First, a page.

The accompanying drawings, which are included to provide a further understanding of the invention and are incorporated in and constitute a part of this application, illustrate embodiment(s) of the invention and together with the description serve to explain the principle of the invention. In the drawings:

FIG. 1 is a sectional view illustrating an organic electroluminescent device according to the first embodiment of the present invention;

FIG. 2 is a sectional view illustrating an organic electroluminescent device according to the second embodiment of the present invention; and

FIG. 3 is a graph illustrating the result of an experiment for comparing luminescent efficiency of an organic electroluminescent device of the present invention with that of a related art organic electroluminescent device.

DETAILED DESCRIPTION OF THE INVENTION

Reference will now be made in detail to the preferred embodiments of the present invention, examples of which are illustrated in the accompanying drawings. Wherever possible, the same reference numbers will be used throughout the drawings to refer to the same or like parts.

Light formed in an organic electroluminescent device can be divided into fluorescence generated from a singlet state and phosphor generated from a triplet state. Theoretically, the fluorescence has a luminescent efficiency of 25% while the phosphor has a luminescent efficiency of 75%. In a fluorescent element, excitons of 75% are all extinguished so as not to emit light. On the other hand, since triplet excitons can be used in case of a phosphor element, luminescent efficiency can be improved.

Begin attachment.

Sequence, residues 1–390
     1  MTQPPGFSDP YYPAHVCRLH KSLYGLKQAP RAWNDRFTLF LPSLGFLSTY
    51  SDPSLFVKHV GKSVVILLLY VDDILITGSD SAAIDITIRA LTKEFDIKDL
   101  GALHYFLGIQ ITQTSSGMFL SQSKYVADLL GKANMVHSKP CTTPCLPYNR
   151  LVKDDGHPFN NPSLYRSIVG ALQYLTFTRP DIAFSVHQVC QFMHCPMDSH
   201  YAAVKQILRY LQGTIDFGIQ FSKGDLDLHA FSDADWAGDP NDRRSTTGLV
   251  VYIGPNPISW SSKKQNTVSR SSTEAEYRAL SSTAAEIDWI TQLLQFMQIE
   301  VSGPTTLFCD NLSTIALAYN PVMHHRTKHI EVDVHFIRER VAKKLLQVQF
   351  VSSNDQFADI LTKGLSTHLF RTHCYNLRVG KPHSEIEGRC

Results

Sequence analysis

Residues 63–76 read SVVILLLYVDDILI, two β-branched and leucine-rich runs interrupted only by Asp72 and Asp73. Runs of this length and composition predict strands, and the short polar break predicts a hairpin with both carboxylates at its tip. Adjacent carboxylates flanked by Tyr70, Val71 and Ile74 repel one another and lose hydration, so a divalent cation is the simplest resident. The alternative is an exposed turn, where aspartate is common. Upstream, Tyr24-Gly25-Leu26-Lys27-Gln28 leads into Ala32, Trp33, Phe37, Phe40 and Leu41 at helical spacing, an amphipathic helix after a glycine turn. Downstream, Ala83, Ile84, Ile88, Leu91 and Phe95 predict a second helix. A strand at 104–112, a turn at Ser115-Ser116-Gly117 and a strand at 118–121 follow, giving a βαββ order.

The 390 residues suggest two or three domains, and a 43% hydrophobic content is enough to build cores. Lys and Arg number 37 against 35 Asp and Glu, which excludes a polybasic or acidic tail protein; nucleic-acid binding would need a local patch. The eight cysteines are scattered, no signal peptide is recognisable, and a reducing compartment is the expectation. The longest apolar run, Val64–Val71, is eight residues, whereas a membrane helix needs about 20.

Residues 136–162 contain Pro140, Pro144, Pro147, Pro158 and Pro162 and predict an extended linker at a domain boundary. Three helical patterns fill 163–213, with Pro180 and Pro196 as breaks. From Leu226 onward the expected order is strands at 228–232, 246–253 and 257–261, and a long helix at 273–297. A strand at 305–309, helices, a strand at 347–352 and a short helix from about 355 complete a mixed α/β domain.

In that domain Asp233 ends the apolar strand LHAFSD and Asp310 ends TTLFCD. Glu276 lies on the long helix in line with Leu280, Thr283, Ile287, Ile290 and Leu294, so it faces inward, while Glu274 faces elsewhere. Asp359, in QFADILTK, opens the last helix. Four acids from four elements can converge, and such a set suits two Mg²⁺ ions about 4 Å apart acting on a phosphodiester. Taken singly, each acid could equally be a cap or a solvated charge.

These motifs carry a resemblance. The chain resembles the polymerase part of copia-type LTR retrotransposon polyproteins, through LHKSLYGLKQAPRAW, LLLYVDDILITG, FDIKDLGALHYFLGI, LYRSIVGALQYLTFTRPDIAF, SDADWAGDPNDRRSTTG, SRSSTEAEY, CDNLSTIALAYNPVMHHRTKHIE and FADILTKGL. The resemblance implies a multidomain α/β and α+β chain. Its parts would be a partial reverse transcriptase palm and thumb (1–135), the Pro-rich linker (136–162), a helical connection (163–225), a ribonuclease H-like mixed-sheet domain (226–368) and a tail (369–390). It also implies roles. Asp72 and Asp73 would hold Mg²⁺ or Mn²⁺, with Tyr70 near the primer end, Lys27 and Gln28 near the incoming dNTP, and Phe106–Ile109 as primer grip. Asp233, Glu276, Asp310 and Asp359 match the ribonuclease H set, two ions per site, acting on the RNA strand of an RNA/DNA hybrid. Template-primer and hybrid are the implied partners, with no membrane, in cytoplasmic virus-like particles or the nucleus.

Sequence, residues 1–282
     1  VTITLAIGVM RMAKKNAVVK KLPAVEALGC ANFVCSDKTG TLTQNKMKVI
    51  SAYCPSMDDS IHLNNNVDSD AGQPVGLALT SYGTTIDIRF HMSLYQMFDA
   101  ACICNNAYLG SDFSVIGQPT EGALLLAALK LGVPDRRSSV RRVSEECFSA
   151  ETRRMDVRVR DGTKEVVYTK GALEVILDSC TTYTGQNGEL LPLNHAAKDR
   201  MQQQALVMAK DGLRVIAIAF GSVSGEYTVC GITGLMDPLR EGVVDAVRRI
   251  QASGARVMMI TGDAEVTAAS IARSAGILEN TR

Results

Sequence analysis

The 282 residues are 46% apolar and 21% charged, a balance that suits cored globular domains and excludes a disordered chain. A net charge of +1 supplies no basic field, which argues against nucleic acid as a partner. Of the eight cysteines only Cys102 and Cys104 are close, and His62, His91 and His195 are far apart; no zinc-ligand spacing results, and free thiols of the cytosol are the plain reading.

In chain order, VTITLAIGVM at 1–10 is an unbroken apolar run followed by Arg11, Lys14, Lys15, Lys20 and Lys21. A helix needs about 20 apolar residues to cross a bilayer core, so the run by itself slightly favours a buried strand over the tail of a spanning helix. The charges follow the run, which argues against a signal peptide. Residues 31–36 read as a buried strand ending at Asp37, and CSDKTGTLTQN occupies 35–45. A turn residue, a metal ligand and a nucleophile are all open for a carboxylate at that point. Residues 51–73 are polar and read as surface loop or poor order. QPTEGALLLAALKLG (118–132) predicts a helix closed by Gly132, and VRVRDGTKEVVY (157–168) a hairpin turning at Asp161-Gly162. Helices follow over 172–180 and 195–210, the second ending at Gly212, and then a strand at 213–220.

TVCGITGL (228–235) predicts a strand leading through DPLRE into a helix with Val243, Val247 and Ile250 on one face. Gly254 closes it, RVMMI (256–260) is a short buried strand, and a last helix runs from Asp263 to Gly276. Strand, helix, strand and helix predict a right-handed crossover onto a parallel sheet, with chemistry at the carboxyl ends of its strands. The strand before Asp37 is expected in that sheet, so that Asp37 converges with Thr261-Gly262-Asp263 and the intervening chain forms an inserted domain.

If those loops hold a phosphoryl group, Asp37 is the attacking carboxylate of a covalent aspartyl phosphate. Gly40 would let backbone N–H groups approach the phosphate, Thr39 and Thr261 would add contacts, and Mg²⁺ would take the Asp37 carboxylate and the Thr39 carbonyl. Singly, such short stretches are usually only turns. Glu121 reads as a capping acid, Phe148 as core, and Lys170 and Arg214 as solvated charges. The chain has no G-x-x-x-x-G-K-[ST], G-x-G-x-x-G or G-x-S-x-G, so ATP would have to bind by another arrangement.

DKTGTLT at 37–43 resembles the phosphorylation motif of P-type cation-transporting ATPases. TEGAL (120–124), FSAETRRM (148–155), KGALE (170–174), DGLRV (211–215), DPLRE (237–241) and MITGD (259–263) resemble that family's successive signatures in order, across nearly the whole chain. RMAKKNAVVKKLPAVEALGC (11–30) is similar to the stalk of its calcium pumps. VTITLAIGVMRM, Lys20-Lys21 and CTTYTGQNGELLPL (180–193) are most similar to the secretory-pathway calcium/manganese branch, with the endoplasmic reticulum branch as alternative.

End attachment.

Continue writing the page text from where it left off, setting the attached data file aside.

Therefore, in the present invention, a luminescent layer is formed by doping a phosphor material on a host material.

First Embodiment

FIG. 1 is a sectional view illustrating an organic electroluminescent device according to the first embodiment of the present invention. Referring to FIG. 1, the organic electroluminescent device according to the first embodiment of the present invention has a layered structure in which an anode 20, an organic layer 30, and a cathode 40 are sequentially formed on a substrate 10.

The substrate 10 is formed of a transparent material, and the anode 20 is formed of ITO (In2O3+SnO3) or IZO (In2O3+ZnO) by sputtering. The cathode 40 is formed of Mg/Ag, Al, Li/Al, LiF/Al, LiO2/Al etc.